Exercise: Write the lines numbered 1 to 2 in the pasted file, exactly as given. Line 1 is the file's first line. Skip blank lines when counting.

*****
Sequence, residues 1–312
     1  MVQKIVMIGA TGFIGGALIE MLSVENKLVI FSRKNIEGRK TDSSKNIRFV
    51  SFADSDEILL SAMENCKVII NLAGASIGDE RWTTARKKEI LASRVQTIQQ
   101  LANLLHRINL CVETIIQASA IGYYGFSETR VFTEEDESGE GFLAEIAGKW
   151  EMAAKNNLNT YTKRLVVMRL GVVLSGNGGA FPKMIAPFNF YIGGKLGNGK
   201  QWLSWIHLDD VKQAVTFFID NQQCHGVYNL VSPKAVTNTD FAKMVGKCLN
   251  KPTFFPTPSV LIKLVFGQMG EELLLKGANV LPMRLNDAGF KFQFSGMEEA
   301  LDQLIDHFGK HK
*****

Sequence, residues 1–312
     1  MVQKIVMIGA TGFIGGALIE MLSVENKLVI FSRKNIEGRK TDSSKNIRFV